Daily Archives: January 29, 2006

Fourth Sunday in Ordinary Time

Um, don’t get married? Is that what you mean?

Today’s second reading is from St. Paul, (duh), from First Corinthians.

An unmarried man is anxious about the things of the Lord,
how he may please the Lord.
But a married man is anxious about the things of the world,
how he may please his wife, and he is divided.

We have to remember I suppose two things about Paul. First, he was overly zealous in his persecution of Christians before his conversion, so therefore afterwords he was like … you know, how ex-smokers are like the most avid kind of anti-smokers?

And secondly, tied in with that, is how St. Paul expected Christ to return in his (Paul’s) lifetime. So why get married, why do anything to distract you from the imminent return of the Lord.

So of course it’s been a couple thousand years since then. Lots of marrying going on since then. Good thing, too.

But then lets take his point as well. Let’s try not to worry, not too much, anyway. Monsignor’s homily was all about worry. Worry is pretty pointless, in the end.

Problem is, I worry. I worry a lot. I’m a worrier.

So Monsignor suggests prayer, rather than worry. So I’m going to try more of that. I mean, sure, I’ve got your basic Our Father and Hail Mary, and I have special prayers to St. Agnes. But pray instead of worry? That’s hard.

I’ll have to pray for help on that.


Dawn and I are back to the Kennedy Center for the ballet, week two of three weeks in a row. You’ll remember how we both really didn’t like last week’s National Ballet of Canada doing Swan Lake.

This week is a program of up and comers from all sorts of places. Protégés: The International Ballet Academy Festival. The kids are from the schools at The Royal Ballet, Dance Theatre of Harlem, New National Theatre Tokyo, Paris Opera Ballet,Royal Danish Ballet, Kirov Ballet.

They’re incredible. It’s funny to be able to tell the difference between them and professional adult dancers, but they’re amazing and young and way better than I could ever hope to be.

Boys Day Out

Dropped Dawn off at a brunch off Van Dorn Street then headed off to my brother’s to meet him and my father to go to the Air & Space Museum out by Dulles Airport. We’re trying to get together every so often without the wives since we get along with each other much better than our wives get along with each other. Beach week every summer is very stressful because of it.

Rob is not in terrific health. (In fact he has an appointment with his doctor on Monday because of it). He does really well, though, helped by the places scattered around the vast museum for sitting and resting.

It’s fun to hear Dad talk about certain pieces. Of the Vietnam-era Huey, he claims it’s the only aircraft in which he felt safe when he was in Vietnam. Any Air Force craft felt like it was going to rattle apart, says he. He identifies a particular jet as having to be a Navy aircraft (and he’s right) because it’s squat and ugly and therefore Air Force officers would refuse to be seen in it. I’m detecting a bit of intra-service rivalry.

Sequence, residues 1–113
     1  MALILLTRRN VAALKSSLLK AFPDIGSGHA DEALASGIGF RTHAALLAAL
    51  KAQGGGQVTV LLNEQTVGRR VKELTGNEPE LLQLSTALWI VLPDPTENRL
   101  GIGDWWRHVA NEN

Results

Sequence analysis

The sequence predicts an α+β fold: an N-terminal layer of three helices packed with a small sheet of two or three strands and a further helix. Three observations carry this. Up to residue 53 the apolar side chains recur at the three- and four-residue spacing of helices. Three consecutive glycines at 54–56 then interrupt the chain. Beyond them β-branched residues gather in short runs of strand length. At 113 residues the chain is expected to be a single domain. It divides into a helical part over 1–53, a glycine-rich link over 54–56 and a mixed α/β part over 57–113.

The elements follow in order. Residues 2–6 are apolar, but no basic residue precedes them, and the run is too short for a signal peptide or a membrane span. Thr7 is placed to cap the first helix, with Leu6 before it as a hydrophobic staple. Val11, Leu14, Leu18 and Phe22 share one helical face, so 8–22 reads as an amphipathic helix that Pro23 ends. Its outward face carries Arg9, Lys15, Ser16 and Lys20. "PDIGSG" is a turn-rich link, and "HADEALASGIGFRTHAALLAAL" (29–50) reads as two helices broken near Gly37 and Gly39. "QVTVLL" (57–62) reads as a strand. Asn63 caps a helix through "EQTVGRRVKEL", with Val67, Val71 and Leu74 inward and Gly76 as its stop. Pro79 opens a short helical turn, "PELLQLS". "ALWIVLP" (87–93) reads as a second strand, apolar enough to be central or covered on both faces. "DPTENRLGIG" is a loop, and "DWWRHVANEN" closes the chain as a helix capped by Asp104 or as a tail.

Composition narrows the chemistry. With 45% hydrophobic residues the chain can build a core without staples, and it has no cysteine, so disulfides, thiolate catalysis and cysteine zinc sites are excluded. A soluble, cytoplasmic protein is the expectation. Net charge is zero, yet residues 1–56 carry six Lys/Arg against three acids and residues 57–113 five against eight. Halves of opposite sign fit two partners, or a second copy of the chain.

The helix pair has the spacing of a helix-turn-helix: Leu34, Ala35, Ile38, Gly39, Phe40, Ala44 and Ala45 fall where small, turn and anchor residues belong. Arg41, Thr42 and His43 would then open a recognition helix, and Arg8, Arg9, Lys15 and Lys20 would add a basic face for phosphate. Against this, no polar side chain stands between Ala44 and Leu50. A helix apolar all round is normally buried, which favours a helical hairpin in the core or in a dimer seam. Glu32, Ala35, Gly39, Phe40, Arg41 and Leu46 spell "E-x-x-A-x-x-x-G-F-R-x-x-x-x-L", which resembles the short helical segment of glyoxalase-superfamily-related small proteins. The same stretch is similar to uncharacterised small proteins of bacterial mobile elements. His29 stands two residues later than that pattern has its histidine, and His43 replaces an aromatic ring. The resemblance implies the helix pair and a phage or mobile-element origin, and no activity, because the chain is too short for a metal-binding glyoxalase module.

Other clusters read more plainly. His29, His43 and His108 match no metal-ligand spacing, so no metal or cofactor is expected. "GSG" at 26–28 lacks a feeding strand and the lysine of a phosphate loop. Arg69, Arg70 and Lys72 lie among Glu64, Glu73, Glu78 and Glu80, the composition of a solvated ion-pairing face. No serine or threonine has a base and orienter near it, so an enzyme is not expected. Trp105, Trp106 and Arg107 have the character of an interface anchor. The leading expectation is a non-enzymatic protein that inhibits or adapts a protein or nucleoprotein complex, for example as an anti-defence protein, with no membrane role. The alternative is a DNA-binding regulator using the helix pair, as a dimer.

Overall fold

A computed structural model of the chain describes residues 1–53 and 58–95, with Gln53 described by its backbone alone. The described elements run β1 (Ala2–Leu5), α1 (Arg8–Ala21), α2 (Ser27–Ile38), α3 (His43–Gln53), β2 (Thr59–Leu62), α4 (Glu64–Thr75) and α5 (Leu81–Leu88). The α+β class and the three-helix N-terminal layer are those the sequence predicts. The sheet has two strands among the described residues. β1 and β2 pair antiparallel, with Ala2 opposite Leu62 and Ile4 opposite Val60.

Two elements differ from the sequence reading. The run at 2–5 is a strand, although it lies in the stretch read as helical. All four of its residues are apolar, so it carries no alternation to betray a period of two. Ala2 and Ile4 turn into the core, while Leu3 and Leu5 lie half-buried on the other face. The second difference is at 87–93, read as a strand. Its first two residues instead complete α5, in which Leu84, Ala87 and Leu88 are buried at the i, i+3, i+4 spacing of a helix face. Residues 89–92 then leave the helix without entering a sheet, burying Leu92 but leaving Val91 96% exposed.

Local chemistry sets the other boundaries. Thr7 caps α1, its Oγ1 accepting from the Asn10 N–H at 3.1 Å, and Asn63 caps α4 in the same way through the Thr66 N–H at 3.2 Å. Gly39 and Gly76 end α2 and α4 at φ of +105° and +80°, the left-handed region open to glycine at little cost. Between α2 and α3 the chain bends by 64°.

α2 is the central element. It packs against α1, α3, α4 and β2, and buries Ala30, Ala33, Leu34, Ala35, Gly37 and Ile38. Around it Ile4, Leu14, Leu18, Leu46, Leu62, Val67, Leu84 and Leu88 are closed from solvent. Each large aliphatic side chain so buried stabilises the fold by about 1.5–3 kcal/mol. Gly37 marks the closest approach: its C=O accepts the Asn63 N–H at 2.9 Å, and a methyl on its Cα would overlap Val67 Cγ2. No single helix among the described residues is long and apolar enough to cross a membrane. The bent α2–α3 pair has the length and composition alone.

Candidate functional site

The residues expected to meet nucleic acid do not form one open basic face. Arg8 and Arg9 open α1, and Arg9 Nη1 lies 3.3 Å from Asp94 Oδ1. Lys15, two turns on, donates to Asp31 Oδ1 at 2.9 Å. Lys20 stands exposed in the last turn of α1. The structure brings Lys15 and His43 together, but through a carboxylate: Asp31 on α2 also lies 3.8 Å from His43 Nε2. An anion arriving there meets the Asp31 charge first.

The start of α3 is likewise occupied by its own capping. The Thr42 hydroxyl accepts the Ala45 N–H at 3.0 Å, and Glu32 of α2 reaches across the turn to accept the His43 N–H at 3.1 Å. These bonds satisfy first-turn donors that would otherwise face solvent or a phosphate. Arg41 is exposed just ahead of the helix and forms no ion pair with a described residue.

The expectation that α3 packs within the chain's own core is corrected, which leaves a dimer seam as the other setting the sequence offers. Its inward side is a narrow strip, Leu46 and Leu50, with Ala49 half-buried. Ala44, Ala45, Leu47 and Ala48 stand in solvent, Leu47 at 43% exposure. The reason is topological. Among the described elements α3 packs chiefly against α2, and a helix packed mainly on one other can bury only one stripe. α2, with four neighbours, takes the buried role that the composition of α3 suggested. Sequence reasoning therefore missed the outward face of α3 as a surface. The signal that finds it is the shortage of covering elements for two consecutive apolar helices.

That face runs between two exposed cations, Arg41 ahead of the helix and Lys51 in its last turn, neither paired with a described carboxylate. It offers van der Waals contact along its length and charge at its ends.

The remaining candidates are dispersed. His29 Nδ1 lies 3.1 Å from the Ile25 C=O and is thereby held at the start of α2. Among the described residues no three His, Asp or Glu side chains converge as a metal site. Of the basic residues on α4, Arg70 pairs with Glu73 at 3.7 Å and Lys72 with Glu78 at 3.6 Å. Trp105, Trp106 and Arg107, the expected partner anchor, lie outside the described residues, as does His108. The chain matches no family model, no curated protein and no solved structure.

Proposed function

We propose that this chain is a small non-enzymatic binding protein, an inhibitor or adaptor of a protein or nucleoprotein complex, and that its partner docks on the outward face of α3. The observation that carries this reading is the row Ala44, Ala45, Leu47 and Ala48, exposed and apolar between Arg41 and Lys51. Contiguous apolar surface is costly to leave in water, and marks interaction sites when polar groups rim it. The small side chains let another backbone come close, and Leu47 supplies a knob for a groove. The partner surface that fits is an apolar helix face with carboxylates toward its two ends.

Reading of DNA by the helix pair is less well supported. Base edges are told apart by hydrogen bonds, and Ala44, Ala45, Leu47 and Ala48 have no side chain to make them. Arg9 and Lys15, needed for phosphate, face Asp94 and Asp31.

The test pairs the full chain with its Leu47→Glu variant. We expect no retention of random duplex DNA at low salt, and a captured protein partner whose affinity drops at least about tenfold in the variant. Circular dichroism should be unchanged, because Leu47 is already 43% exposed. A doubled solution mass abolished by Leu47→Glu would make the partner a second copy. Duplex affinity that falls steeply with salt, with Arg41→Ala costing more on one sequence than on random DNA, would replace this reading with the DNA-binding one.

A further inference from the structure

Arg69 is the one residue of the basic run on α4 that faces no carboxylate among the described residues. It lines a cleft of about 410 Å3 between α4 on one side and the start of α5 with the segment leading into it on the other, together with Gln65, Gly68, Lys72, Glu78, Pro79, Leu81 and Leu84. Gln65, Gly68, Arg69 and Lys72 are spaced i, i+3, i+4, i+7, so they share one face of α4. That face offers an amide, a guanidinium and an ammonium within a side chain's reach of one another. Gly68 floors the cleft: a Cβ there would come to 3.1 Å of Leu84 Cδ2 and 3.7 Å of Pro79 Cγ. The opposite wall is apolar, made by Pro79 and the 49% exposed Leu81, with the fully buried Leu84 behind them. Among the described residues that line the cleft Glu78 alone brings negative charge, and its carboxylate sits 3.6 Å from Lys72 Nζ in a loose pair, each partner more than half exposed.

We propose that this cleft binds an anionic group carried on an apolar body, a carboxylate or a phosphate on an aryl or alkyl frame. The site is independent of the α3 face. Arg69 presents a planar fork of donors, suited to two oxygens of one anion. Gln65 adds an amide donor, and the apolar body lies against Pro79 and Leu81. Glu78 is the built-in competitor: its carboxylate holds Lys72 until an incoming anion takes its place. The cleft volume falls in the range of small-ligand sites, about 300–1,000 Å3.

He also knows a bit about the missiles in that part of the museum, having worked at Fort Bliss and White Sands. Rob, too, having had some type of missile capability obviously on his ship in the Navy, the Hawes, a guided missile frigate.

I’m of course a big space geek, so I can tell you what’s a Mercury and what’s a Gemini, although it’s not hard to tell them apart. I point out that the Original 7 used to describe the Mercury as not something you piloted so much as something you wore. I think that’s from The Right Stuff.

We have lunch at Damon’s on either 50 or 29 or somewhere. I don’t know. It’s way out of town for me.

It’s great to chat and hang out with the guys.

Dad mentions towards the end how excited he is that soon we’ll have the fifth Catholic on the Supreme Court. I note how Clinton appointed Jews while Republicans appoint Catholics. Something going on, you think?

We talk about Roe some, as well as O’Connor’s undue burden test from Casey. Dad thinks the high court pulled privacy out of their asses for Roe. I actually don’t have much problem with Roe, thinking it’s a very logical step after Griswold. Dad thinks it should be left up to the states, which shocks me. Murder is murder, isn’t it, whether it’s federal murder or state murder? I think that there oughta be a constitutional amendment banning abortion, and it should also be a complete ban on the death penalty and nuclear weapons too, and we’ll call it the Life Amendment. Rob too surprises me, expressing his opposition to abortion, but not necessarily calling for a legal ban.

So, oddly, we’re all against abortion, but Dad thinks it should be a state matter and that the Supreme Court should overturn Roe, I think it’s a federal matter and we need to amend the Constitution, and Rob thinks it’s a personal matter and … I don’t know … what can you expect from libertarians.

Later I talk to Dawn and determine that she doesn’t agree with any of us really. She gets annoyed at me for trying to pin her down, but near as I can tell she thinks I’m a barbarian for advocating a total ban. And she thinks I’m slippery on life and health of the mother aspect.